A **Rectilinear Grid Geometry** may be defined as 2D; the associated bounds array for the plane dimension is then exactly two. No bounds arrays may have less than two values. Since all **Rectilinear Grid Geometries** are implicitly 3D (even when plane-like), the fundamental building-block of an image is a *voxel*, which is a 3D object; therefore, the basic **Element** type for an **Image Geometry** is **Cell**. **Attribute Arrays** associated with **Rectilinear Grid Cells** are assumed to raster *x-y-z*, fastest to slowest.

#### Unstructured and Mesh-Like Geometries¶

##### Vertex¶

A **Vertex Geometry** is an *unstructured* **Geometry**. An unstructured **Geometry** requires explicit definition of point coordinates. Sometimes referred to as a *point cloud*, a **Vertex Geometry** is simply a collection of points. Defining this topology requires a total number of values equal to *d* times the total number of points, where *d* is the dimensionality of the point cloud; within **DREAM.3D**, *d* is always taken to be three. The point coordinates are stored as *32-bit floats*; no other range restrictions are enforced. This **Filter** requires the user to select an **Attribute Array** that defines these point coordinates. The array must have *three components* and consist of *32-bit floats*. The number of *tuples* in the array defines the number of vertices in the resulting **Vertex Geometry**.

The fundamental **Element** type of a **Vertex Geometry** is *vertices*. Data stored in a **Vertex Attribute Matrix** is ordered according to **Vertex** *Ids*. Therefore, the n^{th} tuple in the supplied **Vertex** list corresponds to the data stored in the n^{th} column of the **Vertex Attribute Matrix**. By convetion, **Vertex** Ids are *zero indexed*.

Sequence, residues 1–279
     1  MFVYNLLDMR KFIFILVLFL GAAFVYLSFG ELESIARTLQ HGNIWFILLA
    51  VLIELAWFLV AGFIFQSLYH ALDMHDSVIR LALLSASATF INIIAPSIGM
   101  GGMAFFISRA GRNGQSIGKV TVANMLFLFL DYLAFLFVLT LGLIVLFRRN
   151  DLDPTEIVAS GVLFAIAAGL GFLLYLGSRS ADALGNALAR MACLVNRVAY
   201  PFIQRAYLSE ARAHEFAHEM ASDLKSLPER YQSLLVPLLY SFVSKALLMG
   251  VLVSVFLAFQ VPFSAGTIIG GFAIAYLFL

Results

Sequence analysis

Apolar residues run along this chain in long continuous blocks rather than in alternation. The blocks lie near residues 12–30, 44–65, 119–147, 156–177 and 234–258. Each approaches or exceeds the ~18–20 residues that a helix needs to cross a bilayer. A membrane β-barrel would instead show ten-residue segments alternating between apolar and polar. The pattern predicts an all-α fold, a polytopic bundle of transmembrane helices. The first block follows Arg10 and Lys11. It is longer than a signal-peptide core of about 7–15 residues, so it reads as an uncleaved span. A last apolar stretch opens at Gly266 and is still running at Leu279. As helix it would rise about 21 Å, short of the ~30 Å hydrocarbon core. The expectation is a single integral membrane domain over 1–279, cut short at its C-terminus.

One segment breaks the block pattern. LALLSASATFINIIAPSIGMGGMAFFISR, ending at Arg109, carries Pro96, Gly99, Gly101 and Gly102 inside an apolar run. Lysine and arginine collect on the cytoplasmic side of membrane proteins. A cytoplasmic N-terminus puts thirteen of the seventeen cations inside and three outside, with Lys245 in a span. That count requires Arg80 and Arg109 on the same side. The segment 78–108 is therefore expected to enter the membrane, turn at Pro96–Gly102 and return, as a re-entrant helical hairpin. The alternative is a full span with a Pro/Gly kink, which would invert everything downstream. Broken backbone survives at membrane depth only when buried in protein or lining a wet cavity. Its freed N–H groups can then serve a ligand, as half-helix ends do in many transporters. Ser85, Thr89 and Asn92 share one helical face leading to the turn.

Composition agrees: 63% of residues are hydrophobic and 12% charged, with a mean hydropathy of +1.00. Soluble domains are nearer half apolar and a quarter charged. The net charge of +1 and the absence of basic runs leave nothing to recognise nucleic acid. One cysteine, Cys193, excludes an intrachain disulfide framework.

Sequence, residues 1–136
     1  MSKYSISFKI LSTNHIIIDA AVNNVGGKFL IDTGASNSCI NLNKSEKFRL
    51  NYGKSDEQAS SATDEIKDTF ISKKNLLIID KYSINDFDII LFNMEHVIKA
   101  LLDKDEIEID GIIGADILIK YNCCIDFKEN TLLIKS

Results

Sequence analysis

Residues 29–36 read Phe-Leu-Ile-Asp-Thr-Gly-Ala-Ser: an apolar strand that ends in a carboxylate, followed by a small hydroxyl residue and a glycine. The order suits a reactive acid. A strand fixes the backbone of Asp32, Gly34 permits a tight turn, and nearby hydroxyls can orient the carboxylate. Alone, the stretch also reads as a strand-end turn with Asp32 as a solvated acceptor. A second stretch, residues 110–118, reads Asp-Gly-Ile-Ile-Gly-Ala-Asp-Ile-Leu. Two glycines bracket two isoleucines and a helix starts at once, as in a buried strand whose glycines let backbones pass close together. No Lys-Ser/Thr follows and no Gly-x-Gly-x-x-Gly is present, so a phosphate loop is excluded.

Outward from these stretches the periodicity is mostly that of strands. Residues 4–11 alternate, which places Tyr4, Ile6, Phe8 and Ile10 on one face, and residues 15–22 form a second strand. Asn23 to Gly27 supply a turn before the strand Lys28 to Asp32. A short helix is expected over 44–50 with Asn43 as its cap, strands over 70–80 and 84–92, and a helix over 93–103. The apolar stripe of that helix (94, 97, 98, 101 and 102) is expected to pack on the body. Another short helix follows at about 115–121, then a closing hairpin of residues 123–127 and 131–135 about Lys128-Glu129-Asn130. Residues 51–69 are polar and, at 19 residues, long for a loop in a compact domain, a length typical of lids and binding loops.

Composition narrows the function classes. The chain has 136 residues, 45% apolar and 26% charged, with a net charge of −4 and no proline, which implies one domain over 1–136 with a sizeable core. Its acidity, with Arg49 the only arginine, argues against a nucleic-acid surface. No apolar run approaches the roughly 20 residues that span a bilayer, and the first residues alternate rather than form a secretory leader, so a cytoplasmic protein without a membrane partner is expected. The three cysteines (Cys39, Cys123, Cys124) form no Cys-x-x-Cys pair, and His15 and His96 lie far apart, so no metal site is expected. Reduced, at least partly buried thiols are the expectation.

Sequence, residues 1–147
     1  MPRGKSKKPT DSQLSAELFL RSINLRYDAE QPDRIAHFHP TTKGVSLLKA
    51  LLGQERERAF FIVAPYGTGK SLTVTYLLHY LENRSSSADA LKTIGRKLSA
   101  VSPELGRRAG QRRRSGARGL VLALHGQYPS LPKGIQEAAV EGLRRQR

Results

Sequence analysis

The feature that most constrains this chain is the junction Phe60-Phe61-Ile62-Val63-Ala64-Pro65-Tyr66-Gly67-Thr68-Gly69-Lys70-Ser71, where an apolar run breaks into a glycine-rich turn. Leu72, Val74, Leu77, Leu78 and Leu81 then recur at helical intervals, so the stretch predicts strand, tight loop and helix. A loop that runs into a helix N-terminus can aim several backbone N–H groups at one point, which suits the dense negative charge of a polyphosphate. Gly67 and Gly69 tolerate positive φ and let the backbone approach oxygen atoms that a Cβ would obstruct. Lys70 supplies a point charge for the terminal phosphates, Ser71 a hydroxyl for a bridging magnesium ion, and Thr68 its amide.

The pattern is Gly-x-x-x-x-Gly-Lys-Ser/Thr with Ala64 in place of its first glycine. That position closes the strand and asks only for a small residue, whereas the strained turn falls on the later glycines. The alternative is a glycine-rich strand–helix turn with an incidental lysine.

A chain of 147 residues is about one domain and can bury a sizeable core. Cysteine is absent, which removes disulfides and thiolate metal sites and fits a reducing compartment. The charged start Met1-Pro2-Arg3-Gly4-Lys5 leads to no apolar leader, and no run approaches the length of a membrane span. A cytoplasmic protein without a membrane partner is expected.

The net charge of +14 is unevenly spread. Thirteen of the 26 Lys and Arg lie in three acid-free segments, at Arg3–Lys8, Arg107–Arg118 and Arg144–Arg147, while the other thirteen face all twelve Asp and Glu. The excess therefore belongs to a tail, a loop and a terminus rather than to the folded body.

##### Mesh-Like Geometries¶

The following **Geometries** are considered *mesh-like*, and all share similar features concerning their storage and interpretation. A mesh-like **Geometry** is an unstructured **Geometry** that additionally requires explicit definition of the connectivity of its **Elements** and its **Vertices**. The **Element** type defines the kind of **Geometry** and the number of **Vertices** needed to define that **Element**:

Name | Element Type | Number of Vertices Per Element |
---|---|---|

Edge | line | 2 |

Triangle | triangle | 3 |

Quadrilateral | quadrilateral | 4 |

Tetrahedral | tetrahedron | 4 |

Hexahedral | hexahedron | 8 |

The storage scheme adopted by **DREAM.3D** requires at least two arrays to define mesh-like **Geometries**: a list of **Vertices** (i.e., the vertex coordinates) and the **Element** connectivities (i.e., which vertices belong to a given **Element**). To maintain simplicity, flexibility, and small memory overhead, **DREAM.3D** uses the concept of *shared vertex lists*. In this paradigm, the vertex coordinates are stored only once per *unique* vertex. Consider a **Quadrilateral Geometry** that consists of just two squares that share one side. In this example, there are exactly *six* unique vertices. The **Attribute Array** that defines the coordinates of these **Vertices** would then have six *tuples*, with three values at each tuple (the x, y, and z positions of that **Vertex**). Writing each tuple on one line, the array could look like this:

0.0 0.0 0.0 // Vertex Id 0 1.0 0.0 0.0 // Vertex Id 1 0.0 1.0 0.0 // Vertex Id 2 1.0 1.0 0.0 // Vertex Id 3 2.0 0.0 0.0 // Vertex Id 4 2.0 1.0 0.0 // Vertex Id 5